Tendering with government

Find out about the Northern Territory (NT) Government tendering process.

Learn more about preparing your tender documents and how to submit an offer.

Tendering guide

Get the tendering guide for help doing business with government.

Tendering guide PDF (348.9 KB)
Tendering guide DOCX (663.5 KB)

Value for Territory

The Value for Territory guide explains how government assesses tenders fairly and openly.

You should read this alongside the tendering guide.

Value for Territory assessment guide PDF (580.7 KB)
Value for Territory assessment guide DOCX (316.7 KB)

Procurement code

The code is an established set of minimum standards for the conduct of business in the NT.

It applies to all suppliers of goods, services, and works.

To tender and contract with government, you must comply with this code.

NT procurement code PDF (245.1 KB)
NT procurement code DOCX (648.5 KB)

Competitive tendering guidelines

When tendering for NT Government (NTG) tenders, you must prepare a competitively neutral tender price if you're a:

  • government owned business
  • local, territory or state government agency or authority.

This increases the competitive neutrality within the tendering process.

Government entities will be assessed on the competitively neutral tender price.

Read more about competitive neutrality.

For information on the competitive tendering process, get the NTG competitive tendering guidelines.

NTG competitive tendering guidelines PDF (122.4 KB)
NTG competitive tendering guidelines DOCX (59.5 KB)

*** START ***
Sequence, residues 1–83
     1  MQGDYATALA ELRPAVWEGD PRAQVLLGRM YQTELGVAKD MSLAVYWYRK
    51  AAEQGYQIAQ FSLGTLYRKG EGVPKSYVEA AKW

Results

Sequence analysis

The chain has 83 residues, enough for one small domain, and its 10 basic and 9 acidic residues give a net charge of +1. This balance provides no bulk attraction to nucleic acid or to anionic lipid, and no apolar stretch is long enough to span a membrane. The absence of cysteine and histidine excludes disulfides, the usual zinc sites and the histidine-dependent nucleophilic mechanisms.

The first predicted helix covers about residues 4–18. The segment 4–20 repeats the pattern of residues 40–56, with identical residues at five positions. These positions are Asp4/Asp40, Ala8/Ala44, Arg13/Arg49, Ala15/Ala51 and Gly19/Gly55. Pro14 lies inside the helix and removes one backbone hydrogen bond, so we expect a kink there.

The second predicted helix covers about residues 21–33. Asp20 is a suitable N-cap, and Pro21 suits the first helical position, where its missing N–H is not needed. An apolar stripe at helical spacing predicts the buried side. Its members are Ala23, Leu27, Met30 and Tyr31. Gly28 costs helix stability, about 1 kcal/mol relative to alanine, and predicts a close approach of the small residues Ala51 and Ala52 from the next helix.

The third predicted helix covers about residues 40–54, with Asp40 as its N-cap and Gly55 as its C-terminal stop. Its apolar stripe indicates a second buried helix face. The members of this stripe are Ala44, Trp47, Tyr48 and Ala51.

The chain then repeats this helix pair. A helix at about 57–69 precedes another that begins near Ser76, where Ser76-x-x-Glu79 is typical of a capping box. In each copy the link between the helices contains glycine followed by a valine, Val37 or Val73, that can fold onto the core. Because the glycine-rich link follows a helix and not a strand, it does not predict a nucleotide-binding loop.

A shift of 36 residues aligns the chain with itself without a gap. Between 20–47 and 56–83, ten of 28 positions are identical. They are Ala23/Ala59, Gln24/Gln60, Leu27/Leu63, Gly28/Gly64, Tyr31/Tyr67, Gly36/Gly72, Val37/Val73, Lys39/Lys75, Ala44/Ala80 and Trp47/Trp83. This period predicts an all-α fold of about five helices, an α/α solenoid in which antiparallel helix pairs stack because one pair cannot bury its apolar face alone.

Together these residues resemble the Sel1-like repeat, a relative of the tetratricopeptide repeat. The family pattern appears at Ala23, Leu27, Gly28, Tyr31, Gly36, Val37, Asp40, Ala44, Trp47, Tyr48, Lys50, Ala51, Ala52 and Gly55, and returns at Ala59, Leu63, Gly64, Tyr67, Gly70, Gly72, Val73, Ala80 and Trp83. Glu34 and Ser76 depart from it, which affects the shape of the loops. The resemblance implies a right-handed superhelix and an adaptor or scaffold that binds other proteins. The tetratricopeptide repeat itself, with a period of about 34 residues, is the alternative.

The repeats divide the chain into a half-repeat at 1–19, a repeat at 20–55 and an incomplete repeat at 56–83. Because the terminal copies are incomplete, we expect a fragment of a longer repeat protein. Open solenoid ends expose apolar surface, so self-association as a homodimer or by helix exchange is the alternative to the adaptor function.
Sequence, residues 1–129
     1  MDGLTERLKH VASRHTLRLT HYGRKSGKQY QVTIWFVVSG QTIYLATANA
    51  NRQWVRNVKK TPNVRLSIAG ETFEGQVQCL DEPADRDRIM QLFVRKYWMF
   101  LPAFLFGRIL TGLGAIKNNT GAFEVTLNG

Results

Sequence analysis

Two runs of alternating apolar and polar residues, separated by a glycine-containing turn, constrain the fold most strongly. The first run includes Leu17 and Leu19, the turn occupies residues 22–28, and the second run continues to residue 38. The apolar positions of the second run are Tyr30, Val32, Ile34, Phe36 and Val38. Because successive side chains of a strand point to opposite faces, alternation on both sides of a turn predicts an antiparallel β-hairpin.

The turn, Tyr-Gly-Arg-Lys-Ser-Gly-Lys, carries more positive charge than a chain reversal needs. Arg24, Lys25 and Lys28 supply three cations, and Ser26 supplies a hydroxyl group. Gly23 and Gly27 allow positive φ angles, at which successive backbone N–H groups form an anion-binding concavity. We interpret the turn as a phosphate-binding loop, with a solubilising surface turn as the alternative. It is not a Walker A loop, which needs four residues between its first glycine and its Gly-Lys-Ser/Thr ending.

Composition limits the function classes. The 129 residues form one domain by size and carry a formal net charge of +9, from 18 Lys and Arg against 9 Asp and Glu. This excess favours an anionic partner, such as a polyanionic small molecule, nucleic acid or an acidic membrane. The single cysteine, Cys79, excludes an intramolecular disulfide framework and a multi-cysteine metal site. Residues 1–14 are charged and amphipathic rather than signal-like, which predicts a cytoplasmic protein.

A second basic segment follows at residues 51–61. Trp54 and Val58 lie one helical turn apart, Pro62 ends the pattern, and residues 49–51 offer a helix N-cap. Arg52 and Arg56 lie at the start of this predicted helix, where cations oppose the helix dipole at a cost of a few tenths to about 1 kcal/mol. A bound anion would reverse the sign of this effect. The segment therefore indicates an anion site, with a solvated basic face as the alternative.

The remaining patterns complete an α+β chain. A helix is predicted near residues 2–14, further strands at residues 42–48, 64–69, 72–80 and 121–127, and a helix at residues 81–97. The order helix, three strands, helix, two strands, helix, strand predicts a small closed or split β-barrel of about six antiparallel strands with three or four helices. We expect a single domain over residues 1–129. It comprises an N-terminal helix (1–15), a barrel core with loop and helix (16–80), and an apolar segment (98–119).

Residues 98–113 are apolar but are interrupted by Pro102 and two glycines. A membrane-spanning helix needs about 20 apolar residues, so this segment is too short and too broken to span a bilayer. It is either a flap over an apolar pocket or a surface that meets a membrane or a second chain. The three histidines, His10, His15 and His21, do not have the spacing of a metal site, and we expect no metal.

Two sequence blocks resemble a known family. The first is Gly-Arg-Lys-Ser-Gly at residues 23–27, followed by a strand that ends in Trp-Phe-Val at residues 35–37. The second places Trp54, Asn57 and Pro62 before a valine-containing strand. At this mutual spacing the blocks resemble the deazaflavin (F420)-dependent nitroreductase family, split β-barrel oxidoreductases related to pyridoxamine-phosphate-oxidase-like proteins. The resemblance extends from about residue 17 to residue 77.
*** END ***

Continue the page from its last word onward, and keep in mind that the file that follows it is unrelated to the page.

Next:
When tendering, you must comply with the conditions of tendering or quoting.

These are mandatory requirements.

If you don't fully meet the requirements, your offer might not be considered.

You must review the conditions before you tender.

You may be able to ask for changes to the conditions of contract. Check your tender documents to see if this is allowed.

If you are awarded a contract, the conditions of contract apply.

These are legal documents. You or government can enforce them.

If you are unsure of what your conditions mean, contact the officer listed in your tender documents.

Aboriginal economic participation framework

Under the Aboriginal economic participation framework, tenders must support Aboriginal:

  • employment
  • business opportunities

To drive this, an Aboriginal procurement policy has been developed and will be in effect on 1 July 2022.

An Aboriginal grants policy will also be released later this year.

To find out about the Aboriginal economic participation framework, go to the Office of Aboriginal Affairs website.

Local benefit commitments

In your tender response, you provided information on local benefit commitments.

These are now included in your contract.

You must meet these obligations for the life of the contract.

You will be monitored and reviewed to ensure they are met.


You can enter into a subcontracting arrangement where there is a:

  • head contractor
  • subcontractor.

Depending on the type of project, there can be more than one subcontractor.

You must resolve any issues between the head contractor and subcontractor. These issues may be about:

  • liability
  • disputes
  • non-payment of invoices.

Joint venture

A joint venture is when 2 or more businesses or individuals agree to work together on a project.

They are usually in place for a single project, and finish once project is complete.

The parties may then choose to do any of the following:

  • become an incorporated joint venture and form a company
  • remain an unincorporated joint venture.

Both incorporated and unincorporated joint ventures can tender for work.

For more information, read the tendering and joint ventures guide.

Tendering and joint ventures PDF (288.1 KB)
Tendering and joint ventures DOCX (652.2 KB)

Find out how to prepare your tender response.

Last updated: 01 June 2022

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